Then a visit to the Museum of Sex and Health will certainly change your mind. Or at least confuse the heck out of you. It’s the “Mecca of Sex Health, Sex Education and Sex Culture,” according to the brochure. “The first, and largest Sex Museum in the world (79,080 sq.).”
The name of this museum caught my eye the first time I perused the map of my new home-to-be, and finally this weekend I had a chance to visit. It did not disappoint in its weirdness.
My friend K, a Canadian of my same vintage, and I took the bus to the south end of the island, on an impromptu tour, and it ended up being our main stop. We had a taxi driver take us there from a small fishing village, and it was more than a bit embarrassing to explain to him where we, two middle-aged women, wanted to go. He had a good laugh, before overcharging us for the short ride.
The museum is set up to be a major stop for tour buses, and the grounds were immaculately groomed, with palm trees (not native to Jeju), neatly trimmed shrubs, and huge statues of male and female genitalia. I’m not talking coy, abstract representations, I’m talking 10-feet tall marble, vein-covered erect penises, complete with pubic hair. Naked torsos celebrated all types of positions, and bare naked ladies were everywhere. Pornography or art? In the eye of the beholder, apparently. And there was plenty to behold, even before entering the stately glass and marble building.
Once inside, the orgy, so to speak, of erotic imagery continued, from somewhat educational displays to downright hardcore porn. Without the benefit of English text, it was often hard to tell the difference. The Konglish brochure offered these helpful pointers: “What is sex for us? Sex can be beautiful, healthy and enjoyable, but it can also be scary, taboo and shameful.” It went on to say, in red letters: “There is a difference between adults’ genders and teenagers’ genders!!” Yes, double exclamation points. Allow me to add my own: WTF?!? Neither the brochure nor the exhibit actually illuminated what this difference between adult and teenage “genders” might be. Koreans claim homosexuality doesn’t exist here, yet the most popular male pop stars are extremely effeminate. Many men wear quite girly looking clothes, and no one bats an eye. Maybe homosexuality “doesn’t exist” here because there is already such a blurred line between the sexes. I have several students in my 5th and 6th grade classes that I still can’t tell whether to call he or she.
The brochure also promised: “Enjoyment!! Straightforwardness!! Variety!! Not sure if they were talking about the museum, or sex. Exhibits included a full-sized photo of a naked reclining woman with a metal rod surrounding her cutout form. The game was to run a round, metal wand around her form without touching it to the rod. It was accompanied by a soundtrack of the woman moaning loudly, as if approaching orgasm, I assume. As the wand got closer to her pubic area the moaning, which you could hear throughout the museum, got louder. If the wand touched the metal rod, the electrical connection would be broken and the recorded moaning stopped. K and I both tried it, but it was impossible to keep steady while trying to hold back from laughing.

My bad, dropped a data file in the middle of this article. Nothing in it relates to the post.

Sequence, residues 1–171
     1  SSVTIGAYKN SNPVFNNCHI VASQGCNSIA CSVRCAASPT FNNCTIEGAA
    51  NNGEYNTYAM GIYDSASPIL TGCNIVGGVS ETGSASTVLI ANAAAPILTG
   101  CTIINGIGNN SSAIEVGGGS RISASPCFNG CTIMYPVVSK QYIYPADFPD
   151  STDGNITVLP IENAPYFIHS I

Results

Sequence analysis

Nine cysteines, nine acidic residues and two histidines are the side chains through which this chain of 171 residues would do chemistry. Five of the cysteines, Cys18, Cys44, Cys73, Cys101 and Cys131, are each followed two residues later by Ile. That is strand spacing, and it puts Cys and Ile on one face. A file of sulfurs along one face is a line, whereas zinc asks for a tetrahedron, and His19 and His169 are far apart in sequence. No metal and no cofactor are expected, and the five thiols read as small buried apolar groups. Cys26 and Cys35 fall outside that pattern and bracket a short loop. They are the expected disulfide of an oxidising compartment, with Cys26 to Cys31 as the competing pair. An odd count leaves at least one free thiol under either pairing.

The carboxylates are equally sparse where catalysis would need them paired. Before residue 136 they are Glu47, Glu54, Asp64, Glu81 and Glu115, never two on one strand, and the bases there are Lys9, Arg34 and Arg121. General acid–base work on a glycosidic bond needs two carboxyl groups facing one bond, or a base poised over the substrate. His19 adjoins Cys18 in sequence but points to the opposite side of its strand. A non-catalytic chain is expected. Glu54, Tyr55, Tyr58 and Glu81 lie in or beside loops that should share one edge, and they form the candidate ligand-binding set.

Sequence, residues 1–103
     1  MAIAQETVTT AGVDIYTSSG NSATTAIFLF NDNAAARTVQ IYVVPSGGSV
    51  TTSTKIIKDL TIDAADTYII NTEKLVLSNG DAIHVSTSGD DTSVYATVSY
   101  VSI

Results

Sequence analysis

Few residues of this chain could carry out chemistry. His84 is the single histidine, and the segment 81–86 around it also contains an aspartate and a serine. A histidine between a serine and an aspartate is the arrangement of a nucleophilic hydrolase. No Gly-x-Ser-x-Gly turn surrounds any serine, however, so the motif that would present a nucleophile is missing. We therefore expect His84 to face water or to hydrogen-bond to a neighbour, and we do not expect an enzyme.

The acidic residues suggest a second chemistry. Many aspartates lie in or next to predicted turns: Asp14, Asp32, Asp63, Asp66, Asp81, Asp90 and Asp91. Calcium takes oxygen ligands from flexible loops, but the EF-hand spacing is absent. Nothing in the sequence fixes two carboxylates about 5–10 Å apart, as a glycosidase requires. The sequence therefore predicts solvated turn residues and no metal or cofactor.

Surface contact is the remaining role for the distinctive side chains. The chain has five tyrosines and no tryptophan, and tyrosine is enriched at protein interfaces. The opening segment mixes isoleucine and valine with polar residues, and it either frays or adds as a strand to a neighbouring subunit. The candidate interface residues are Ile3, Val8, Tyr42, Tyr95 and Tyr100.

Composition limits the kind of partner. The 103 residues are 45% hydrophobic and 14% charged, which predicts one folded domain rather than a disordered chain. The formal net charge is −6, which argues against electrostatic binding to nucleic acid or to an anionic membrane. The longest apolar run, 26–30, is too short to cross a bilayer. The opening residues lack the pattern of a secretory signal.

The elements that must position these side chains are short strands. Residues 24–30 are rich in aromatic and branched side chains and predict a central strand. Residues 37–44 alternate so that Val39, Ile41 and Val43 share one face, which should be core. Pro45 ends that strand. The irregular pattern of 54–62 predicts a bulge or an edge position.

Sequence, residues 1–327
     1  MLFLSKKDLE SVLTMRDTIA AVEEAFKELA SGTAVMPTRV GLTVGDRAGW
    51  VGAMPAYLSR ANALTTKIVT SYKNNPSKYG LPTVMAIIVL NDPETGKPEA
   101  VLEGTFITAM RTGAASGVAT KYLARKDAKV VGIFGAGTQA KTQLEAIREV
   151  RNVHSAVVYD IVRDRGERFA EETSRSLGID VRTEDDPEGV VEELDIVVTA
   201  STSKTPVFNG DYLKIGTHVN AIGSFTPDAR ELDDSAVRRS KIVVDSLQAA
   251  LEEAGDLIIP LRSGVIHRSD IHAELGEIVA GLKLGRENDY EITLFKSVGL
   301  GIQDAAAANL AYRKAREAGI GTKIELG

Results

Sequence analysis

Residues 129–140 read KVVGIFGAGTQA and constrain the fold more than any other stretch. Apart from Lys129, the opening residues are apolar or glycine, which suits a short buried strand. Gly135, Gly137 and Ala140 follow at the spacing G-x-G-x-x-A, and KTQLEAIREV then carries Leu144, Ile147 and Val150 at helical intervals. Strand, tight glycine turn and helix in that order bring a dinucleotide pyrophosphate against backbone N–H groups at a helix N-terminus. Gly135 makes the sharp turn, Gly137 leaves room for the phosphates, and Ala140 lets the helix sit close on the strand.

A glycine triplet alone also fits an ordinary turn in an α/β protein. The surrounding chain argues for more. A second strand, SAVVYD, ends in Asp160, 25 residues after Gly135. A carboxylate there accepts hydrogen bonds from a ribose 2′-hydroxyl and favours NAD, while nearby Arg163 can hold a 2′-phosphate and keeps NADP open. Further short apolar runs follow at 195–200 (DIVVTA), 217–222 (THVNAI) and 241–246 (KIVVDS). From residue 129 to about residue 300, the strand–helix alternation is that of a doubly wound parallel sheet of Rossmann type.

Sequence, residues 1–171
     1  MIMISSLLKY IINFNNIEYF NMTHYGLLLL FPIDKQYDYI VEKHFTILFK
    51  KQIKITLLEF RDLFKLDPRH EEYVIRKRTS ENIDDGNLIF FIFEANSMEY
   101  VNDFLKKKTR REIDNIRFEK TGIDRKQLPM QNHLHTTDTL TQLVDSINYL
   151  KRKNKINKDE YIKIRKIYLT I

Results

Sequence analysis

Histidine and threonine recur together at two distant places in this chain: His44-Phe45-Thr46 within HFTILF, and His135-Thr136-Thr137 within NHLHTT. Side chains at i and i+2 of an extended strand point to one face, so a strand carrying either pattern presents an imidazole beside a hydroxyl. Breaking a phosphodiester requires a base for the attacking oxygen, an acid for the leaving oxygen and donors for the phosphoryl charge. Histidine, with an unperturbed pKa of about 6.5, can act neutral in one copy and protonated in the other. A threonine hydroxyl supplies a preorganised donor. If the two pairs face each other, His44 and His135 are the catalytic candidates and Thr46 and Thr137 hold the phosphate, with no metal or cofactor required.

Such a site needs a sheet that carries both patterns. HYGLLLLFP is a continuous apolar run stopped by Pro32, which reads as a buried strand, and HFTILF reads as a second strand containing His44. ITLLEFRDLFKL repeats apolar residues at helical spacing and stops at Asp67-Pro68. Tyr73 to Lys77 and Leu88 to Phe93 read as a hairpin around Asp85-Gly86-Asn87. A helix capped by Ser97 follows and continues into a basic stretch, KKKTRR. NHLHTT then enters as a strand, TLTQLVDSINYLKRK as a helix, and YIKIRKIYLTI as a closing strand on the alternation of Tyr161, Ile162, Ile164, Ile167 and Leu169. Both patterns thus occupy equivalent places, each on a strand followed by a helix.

There were also phone booths were you could listen to phone sex (free!), a display of rather grungy, well-fondled sex toys, porn videos looping over and over, hundreds of renditions of the Kama Sutra positions, and – my personal favorite – a chaste white gown made entirely of sanitary napkins.
Of all the culture shock that I’ve had to weather in the past six weeks, this had to be some of the weirdest. This is a culture in which it is considered “unseemly” for women to wear sleeveless tops – even in the heat of summer – or tops that reveal any hint of cleavage. To get around the sleeveless ban, women wear sheer mesh cardigans or blouses over the sleeveless tops. Yet, it’s perfectly acceptable to wear hot pants or mini skirts and high, high heels, or short tunics, leggings and stilettos. And don’t even get me started on the fetish wear passing as actual school girl “uniforms!”
The Museum of Sex and Health offered a different look at Korean culture, one that I’m sure many Koreans haven’t seen as well. Or at least, not without blushing.
You can check out the museum online at http://www.sexmuseum.or.kr.
A few of the less X-rated sculptures:
And the just plain bizarre: